Hypnobirthing Hub Breathing Technique Surge Breathing

Hypnobirthing Hub Breathing Technique: Surge Breathing

Reducing sensations during childbirth can make your birth easier, quicker, and calmer, but is this actually possible? It is! You can reduce sensations during your labours with the right breathing techniques.

With the knowledge and tools that will help you tap into your natural capabilities and mental exercises, you can go through your surges calmly and easily. Luckily, the Hypnobirthing Hub breathing techniques can help you through your surges or contractions, giving you more comfort, calm, and power during your labour.

How long can you breathe underwater? Thirty seconds? A full minute? For many of us, holding our breath underwater is a difficult chore. Many athletes and good swimmers or divers, though, can hold their breath for seven minutes or longer underwater.

How do they even do that? That’s because they increase their lung capacity and breathe deeply into their abdomen. Don’t you wish you could do that?

Fortunately, with enough practice and tutelage, you can. Why? It’s because you’d definitely need to breathe deeply to relax your muscles and leave your uterus free of tension. This will help you handle and manage pain and stress during your birth.

Through the Hypnobirthing Hub, you will learn the right breathing techniques to handle your surges and to alleviate your pain during birth. This kind of breathing will also increase cervix dilation, which will reduce your birthing time.

Hypnobirthing Hub Breathing Technique Surge Breathing Infographic

Abdominal Breathing

When you experience your surges or contractions, you don’t have to memorize complicated techniques. You only have to remember breathing patterns that are already natural to your body.

Surge breathing is abdominal breathing. Throughout each surge, you need to breathe evenly and deeply, breathing down into your abdomen, feeling it rise and expand.

In relaxation breathing, you learn to calm yourself, and it doesn’t matter where you breathe into. In surge breathing, it’s very important to breathe into your stomach or abdomen. There are some people who normally breathe into their abdomens. There are others who breathe into their chests. So, it’s important to observe your breathing patterns.

Do this quick exercise: Place one hand on your chest, and another on your stomach. Relax as much as you can, and put force or effort into your breathing. Just observe where your breathing goes.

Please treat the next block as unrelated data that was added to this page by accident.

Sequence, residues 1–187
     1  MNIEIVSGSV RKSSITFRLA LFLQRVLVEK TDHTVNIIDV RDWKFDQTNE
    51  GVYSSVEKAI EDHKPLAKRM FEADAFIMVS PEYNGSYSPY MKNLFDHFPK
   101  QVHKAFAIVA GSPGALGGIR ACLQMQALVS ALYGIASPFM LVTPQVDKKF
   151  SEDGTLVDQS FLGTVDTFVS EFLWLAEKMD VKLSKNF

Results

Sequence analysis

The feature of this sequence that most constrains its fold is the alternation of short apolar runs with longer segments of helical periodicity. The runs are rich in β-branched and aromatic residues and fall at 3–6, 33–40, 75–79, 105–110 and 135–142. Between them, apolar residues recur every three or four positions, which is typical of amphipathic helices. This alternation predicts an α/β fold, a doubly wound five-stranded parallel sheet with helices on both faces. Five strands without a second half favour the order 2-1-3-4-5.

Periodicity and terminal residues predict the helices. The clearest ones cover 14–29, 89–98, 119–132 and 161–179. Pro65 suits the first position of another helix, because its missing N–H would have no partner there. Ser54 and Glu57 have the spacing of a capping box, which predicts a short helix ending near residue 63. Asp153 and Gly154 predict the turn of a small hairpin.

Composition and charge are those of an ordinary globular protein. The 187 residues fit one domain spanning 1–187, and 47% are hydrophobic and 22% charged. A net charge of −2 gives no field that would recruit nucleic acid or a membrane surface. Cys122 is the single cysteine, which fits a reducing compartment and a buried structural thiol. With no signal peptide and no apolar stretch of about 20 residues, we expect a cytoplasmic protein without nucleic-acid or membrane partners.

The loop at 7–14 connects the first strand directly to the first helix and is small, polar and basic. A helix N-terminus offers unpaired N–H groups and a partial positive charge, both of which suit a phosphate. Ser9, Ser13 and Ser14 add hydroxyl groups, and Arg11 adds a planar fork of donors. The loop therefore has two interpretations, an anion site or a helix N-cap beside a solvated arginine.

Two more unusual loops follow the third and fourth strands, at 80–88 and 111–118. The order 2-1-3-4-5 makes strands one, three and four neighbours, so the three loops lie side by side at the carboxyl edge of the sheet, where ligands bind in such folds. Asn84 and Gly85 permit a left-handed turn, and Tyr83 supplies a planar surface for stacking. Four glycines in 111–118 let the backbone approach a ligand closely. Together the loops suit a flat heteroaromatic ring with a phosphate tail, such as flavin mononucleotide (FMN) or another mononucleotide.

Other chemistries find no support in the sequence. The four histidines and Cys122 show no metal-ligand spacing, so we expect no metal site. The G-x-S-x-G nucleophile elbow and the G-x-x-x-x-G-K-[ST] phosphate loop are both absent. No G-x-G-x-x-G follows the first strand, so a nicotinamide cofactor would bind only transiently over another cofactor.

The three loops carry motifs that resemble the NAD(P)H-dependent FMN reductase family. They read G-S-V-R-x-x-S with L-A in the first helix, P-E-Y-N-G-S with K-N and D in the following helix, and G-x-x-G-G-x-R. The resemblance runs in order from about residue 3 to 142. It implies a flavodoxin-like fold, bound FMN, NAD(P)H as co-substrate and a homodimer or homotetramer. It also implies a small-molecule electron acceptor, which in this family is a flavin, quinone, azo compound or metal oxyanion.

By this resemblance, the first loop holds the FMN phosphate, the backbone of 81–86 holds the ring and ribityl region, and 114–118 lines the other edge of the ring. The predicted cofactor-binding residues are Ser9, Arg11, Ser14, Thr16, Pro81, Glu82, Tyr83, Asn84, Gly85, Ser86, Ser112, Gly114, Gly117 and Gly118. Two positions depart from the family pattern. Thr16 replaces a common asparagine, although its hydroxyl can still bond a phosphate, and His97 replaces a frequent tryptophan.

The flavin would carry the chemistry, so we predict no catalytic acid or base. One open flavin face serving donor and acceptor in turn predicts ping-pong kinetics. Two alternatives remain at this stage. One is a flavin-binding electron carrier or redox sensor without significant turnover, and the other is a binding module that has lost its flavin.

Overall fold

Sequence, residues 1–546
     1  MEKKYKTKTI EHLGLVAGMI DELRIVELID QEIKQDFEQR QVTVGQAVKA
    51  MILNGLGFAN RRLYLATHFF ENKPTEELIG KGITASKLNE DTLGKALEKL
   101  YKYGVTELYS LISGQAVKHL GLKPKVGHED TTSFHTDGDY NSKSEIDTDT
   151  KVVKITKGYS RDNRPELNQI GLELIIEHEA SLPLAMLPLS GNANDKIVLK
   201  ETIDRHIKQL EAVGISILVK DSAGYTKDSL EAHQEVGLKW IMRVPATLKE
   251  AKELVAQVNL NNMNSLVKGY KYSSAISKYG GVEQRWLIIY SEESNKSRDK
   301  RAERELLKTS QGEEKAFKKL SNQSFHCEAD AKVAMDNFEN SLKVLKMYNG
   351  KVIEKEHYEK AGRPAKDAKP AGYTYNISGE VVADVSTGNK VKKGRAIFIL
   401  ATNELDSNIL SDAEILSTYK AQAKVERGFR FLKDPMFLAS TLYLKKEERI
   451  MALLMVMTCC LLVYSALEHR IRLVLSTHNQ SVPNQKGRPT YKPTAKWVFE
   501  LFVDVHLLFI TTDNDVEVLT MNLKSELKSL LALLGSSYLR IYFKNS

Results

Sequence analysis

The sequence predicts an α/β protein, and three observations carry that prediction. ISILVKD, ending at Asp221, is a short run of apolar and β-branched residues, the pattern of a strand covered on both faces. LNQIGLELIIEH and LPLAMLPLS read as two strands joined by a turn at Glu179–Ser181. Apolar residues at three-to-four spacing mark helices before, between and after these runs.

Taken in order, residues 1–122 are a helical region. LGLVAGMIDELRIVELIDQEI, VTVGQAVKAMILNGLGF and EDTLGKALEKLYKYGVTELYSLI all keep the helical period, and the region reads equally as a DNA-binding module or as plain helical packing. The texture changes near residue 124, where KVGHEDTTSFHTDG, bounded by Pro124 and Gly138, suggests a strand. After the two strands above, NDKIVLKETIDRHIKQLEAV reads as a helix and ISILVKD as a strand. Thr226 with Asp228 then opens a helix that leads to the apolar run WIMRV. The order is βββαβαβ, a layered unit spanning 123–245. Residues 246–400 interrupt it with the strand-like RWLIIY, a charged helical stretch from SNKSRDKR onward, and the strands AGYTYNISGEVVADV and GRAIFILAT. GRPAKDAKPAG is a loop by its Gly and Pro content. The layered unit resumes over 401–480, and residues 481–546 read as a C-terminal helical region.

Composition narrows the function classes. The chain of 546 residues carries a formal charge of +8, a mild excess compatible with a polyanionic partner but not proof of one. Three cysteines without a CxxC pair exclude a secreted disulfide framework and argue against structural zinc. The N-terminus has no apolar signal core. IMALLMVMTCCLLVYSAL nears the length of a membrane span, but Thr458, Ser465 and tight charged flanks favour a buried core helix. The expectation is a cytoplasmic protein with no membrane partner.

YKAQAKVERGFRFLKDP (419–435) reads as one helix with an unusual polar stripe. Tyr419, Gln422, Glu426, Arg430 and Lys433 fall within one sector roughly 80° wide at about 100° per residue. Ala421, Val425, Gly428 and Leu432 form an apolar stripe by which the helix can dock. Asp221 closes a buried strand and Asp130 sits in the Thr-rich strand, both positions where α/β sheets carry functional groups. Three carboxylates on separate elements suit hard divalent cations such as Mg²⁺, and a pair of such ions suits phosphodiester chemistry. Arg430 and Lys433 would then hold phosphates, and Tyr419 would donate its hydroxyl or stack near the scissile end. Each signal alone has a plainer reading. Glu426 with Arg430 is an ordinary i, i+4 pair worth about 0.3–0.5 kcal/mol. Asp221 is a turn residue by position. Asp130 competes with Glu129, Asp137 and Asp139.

If you regularly deep into your chest, your rib cage contracts and it takes you more energy and effort to move those ribs upward. So, during a surge, when you breathe into your belly, your breath gets slower and deeper. You use less energy and get more oxygen. The more oxygen you breathe into your belly through the surge, the better for you, your muscles, and your baby.

Reduction of Stress

When you do surge breathing, you expand your abdomen and lungs, which gives the vertical muscles of your uterus more room to reach down and pull up the circular muscles. This extra room for your uterus muscles reduces the intensity of the surge and makes it easier to manage.

The more you breathe into your abdomen, the easier the pressure sensations of the surge will be for you. Don’t be intimidated by abdominal breathing if you’re used to breathing into your chest. Have you seen sleeping babies lately? They breathe with their bellies. Abdominal breathing will come to you naturally. You just need some practice.

Here’s How (Surge Breathing Technique):

  1. Place your fingers just touching on your belly button (just the middle fingers will touch).
  2. Take a long, slow and deep breath in through your nose into your abdomen, breathing up as far you can.
  3. As you breathe in your fingers will come apart (the deeper the breath, the farther away your fingers will become).
  4. Then slowly breathe out through your mouth as your fingers return to the just touching again.
  5. Slowly breathe in for as long as you can to reach a comfortable number, perhaps 10? (Do not hold your breath!! You and your baby need oxygen.)
  6. Slowly breathe out to the same count.
  7. Slowly breathe in 1,2,3,4,5,6,7,8,9,10 (or what feels right for you).
  8. Slowly breathe out 1,2,3,4,5,6,7,8,9,10 (or what feels right for you).
  9. Continue to breathe in this way for five in and out breaths.

Learn free hypnobirthing techniques video demonstrations or join our classes at Manly to practice surge breathing. Preparation can help go a long way to make your birth easier. You can check out our hypnobirthing free resources and best hypnobirthing audio guide to start your journey to a calmer and wonderful birth.

Meet Kathryn Clark
As a qualified Pregnancy and Birth Counsellor, Kathryn has helped countless women overcome their crippling fears surrounding pregnancy and birth 

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